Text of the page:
Course syllabus

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SEMESTER 1, 2019  15 points


4-5 pm Mondays and Thursdays, Engineering 1401/401-401.

2 x 1 hour lectures and 1 hour tutorial

Associate Professor Greg Minissale, Room 206-749, ph: 9236033  Office hours:Thurs 3-4 

Dr Caroline Vercoe, Room 206-747, ph: (09) 932 7501 Email: Office hours:  Tuesday 1-2 pm

Dr Ngarino Ellis, Room 206-745, ph. (09) 9236992 Email:   Of TBA

Associate Professor Linda Tyler  206-741, ph. (09) 9235189 Email: Office hours: Thurs 1-2pm


Talei Siilata, Office hours: Monday 2:00 - 3:00pm, Room 206-305 Email:

Anisha Verghese, Office hours: Monday 3:00 - 4:00pm, Room 206-303 Email:

Tuakana Mentor

Eden Tongia, Contact Eden through the Canvas link, Office hours: Friday 12:00- 2:00pm, Room 206-308

Arts + Mentors

Tama Abraham-

Daniel Payne-

Eliza Macdonald-

Maya Hay-

Tanuvi Garimella-

Heloisa De Freitas-

Zineida Hall-

Class Reps

Annika Siegers -

Rachel Simpson -

Facebook page

Art History Society 115 Art History Mentoring Session

 (Timetable and room details can be viewed on Student Services Online)

DID YOU KNOW? This course will earn you 15 points of the BA of Global Studies:

AND this course is also listed as part of the Visual Literacy: Researching Images module!

Summary of Course Description:         

This course is the best way to become familiar with the world's knowledge and cultural and historical diversity. It will provide a broad survey of art and visual culture spanning the early modern world leading up to an examination of the contemporary world we live in today. This course is an important meeting of history, politics and art. In history and in different cultures images, materials and art practices are used to express and extend power and authority. Yet such images have also been used for revolution and change. In this unique course, students will be introduced to art, history and politics in a global context including Māori, Pacific, European and American, African and Asian traditions. Taking this comparative approach, the course provides students with the knowledge of the world's most important cultural traditions. It trains students to recognize how power manipulates vision, concepts and materials, and how artists have challenged this power.

The classes are structured within thematic topics which include the expression and representation of authority and power; the emergence of different perspectives on modernity and different cultural and political explorations of feminism and identity, migrations and diasporas.

 Course outcomes:

By the end of the course students will have acquired the following skills and competencies:

  1. To be able to visually analyse artworks, images and examples of visual culture using reliable methods and terms
  2. Confidence in comparing and contrasting artworks and examples of visual culture across cultures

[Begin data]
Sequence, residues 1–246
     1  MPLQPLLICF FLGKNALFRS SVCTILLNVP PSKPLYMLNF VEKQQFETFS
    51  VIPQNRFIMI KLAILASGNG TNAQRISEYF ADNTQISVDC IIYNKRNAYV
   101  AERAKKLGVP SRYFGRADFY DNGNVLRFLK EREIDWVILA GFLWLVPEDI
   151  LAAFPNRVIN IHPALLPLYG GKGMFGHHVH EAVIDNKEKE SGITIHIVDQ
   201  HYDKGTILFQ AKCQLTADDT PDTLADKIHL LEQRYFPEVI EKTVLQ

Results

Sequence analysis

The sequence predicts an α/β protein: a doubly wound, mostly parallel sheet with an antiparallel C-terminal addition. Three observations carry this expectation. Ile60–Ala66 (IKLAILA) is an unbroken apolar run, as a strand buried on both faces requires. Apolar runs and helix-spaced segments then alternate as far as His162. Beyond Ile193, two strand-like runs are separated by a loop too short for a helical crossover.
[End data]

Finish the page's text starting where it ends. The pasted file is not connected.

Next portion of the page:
3. The ability to situate artworks in their social, historical, cultural and economic contexts
  4. The skills to sustain an argument and logically compose a narrative in essay writing
  5. Techniques to find and research quality resources and information in the library and online.

The course aims to be exciting and exploratory featuring digital media, online learning, discussion groups, multimedia bibliographies and tutorials to encourage fresh and innovative ways of learning, understanding and engaging with artworks.


NE = Ngarino Ellis CV = Caroline Vercoe

LT=Linda Tyler GM = Greg Minissale       





In this class we offer an overview of the course, introducing its central aims and concerns. 

For general introduction: Oxford Art Online


 2          POWER + AUTHORITY: Moko/tatau (NE)

This class will focus on the ways that signs and symbols of rank and authority are represented in Maori and Pacific cultures. There will be a particular focus on moko and tatau, both historically but also as practiced today. Our starting point is Epeli Hau’ofa’s concept of a sea of islands.




 3     POWER + AUTHORITY: Personal adornment (NE) 

This class will examine the ways in which Maori and Pacific peoples express ideas of power and authority through the making and wearing of different forms of body adornment.

MARCH, 14:

4     POWER + AUTHORITY: Māori and Pacific architecture (NE)

Architecture can embody and extend ideas about power and authority, both individual and also communal. In today’s class we will consider the architecture, design and symbolism, and relationships with the Pacific.



MARCH, 18:

5     POWER AND AUTHORITY: Maori and Pacific Carving and Sculpture  (CV)

 With a particular emphasis on carving and sculptural practice, this lecture will focus on the ways that art forms functioned in relation to indigenous pre-Christian religious practice. It will also deal with the impact and influence of colonial settlement in the Pacific.

MARCH, 21:

6     POWER + AUTHORITY: Textiles (CV)